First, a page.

“No Worries.” That’s How Supervisor Jeff Totherow Feels About the Tullahoma Wastewater Treatment Plant

The clean-water plant in Tullahoma runs like clockwork, quietly and efficiently meeting its permit, even when operators are not on duty.

“No Worries.” That’s How Supervisor Jeff Totherow Feels About the Tullahoma Wastewater Treatment Plant

The team at the Tullahoma Wastewater Treatment Plant includes, from left, J.C. Davis, Grade 4 operator; Jeff Totherow, plant supervisor; and Bryan Gordon, maintenance director.

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No worries.” That’s how supervisor Jeff Totherow feels about his wastewater treatment plant when he’s not there.

It’s because of a competent and talented staff of Matt Smith, laboratory director; Bryan Gordon, maintenance director; Loarn Hinkle, lead operator; J.C. Davis, operator; and Jeff Turner and Martin Dixon, operator trainees.

Together they run the 5.0 mgd (design) Tullahoma (Tennessee) Wastewater Treatment Plant, which uses an intermittent cycle extended aeration system (ICEAS) to treat wastewater from a community of 19,000 about 75 miles southeast of Nashville. “They’ve got it together,” Totherow says. “They understand their responsibilities. I can sleep like a baby at night.”

Unique process

Constructed in the mid-1980s, the Tullahoma plant receives wastewater from a collection system with 160 miles of pipe, 42 lift stations, and more than 900 grinder pumps. The flow passes through center flow band screens (Hydro-Dyne) and is lifted by KWS screw pumps (Lakeside Equipment) to a pair of pre-air basins where grease balls are removed and the wastewater is freshened.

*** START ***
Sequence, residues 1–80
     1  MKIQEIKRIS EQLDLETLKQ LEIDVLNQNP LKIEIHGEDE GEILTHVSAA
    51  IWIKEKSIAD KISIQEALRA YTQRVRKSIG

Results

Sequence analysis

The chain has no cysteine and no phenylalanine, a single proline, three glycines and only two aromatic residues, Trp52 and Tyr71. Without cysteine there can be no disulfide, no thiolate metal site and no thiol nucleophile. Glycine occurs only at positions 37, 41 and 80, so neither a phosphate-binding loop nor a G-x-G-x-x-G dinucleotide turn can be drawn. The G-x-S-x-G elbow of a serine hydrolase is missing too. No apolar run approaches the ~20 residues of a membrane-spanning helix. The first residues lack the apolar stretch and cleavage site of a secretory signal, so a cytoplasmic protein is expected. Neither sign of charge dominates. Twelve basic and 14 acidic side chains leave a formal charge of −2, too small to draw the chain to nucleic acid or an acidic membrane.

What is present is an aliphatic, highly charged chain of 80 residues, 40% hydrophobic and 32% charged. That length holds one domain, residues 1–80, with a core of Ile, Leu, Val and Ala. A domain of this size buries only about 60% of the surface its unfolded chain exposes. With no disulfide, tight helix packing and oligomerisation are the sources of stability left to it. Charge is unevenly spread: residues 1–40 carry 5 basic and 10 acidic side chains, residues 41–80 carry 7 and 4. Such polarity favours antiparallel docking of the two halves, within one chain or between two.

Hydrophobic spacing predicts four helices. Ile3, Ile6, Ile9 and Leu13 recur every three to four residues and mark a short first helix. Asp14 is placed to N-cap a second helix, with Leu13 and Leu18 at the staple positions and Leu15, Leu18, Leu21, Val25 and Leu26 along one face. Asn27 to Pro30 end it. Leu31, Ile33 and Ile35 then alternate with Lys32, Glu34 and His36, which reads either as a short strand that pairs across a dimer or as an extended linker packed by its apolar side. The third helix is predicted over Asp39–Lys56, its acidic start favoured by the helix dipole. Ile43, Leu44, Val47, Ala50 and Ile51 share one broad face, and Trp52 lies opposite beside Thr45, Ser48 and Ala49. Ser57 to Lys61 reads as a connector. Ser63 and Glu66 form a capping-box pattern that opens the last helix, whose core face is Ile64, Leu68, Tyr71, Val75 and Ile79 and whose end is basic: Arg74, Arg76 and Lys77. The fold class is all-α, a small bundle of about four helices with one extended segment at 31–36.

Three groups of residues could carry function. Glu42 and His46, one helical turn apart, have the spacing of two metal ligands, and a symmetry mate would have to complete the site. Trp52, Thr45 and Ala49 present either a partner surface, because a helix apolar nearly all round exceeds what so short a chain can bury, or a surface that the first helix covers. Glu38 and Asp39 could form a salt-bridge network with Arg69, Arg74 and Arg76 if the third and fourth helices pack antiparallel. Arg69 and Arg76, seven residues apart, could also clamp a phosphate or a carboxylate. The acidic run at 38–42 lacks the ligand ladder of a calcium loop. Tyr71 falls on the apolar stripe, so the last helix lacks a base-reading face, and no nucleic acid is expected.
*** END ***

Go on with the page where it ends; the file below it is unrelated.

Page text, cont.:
The ICEAS process provides complete treatment. It was the largest of its kind in the world and first in the United States when installed in 1985 by Austgen Biojet (now Xylem). It includes a pair of basins, each rated at 2.4 mgd.

Conventional sequencing batch reactors fill, aerate, settle, and draw. They require two or more basins or an equalization tank to receive flow during the settling or decant phase. The ICEAS, however, needs no diversion. It operates on a timed-based control system, allowing continuous flow during all phases of the cycle. The basins fill, aerate, decant and discharge once every two hours. Pre-react and main react zones are separated by a baffle; the pre-react zone can operate as a selector zone.

Totherow says the design has drawn visitors from all over the world who come to see how it works.

The system was upgraded in 1995 when 5,700 Series E fine bubble aerators (Sanitaire, a Xylem brand) replaced the original aeration system. At the same time, a 48 mgd retention pond was constructed to provide flow equalization during wet weather.

Power savings

In 2016, new Sulzer turbo blowers were installed to save on power costs. A new 250 kW natural gas backup generator (Kohler) was also added that year, and in 2017 the decanter drives were replaced. The plant changed its disinfection system as well, switching from gaseous chlorine to peracetic acid (PAA), supplied by PeroxyChem.

“PAA costs more,” Totherow says. “But we were able to use our existing chlorine contact basin and get rid of two very dangerous gases — chlorine and sulfur dioxide. Consequently, we no longer are subject to the Risk Management Plan regulations.”

PAA is a stronger oxidant than sodium hypochlorite and chlorine dioxide. Most of the disinfection occurs in the first minute of contact, and the acid decomposes quickly into acetic acid, oxygen and water. There is no need to neutralize it before discharge into the effluent channel and to Rock Creek.

The plant’s SCADA system was built in-house and uses the Survalent Technology platform.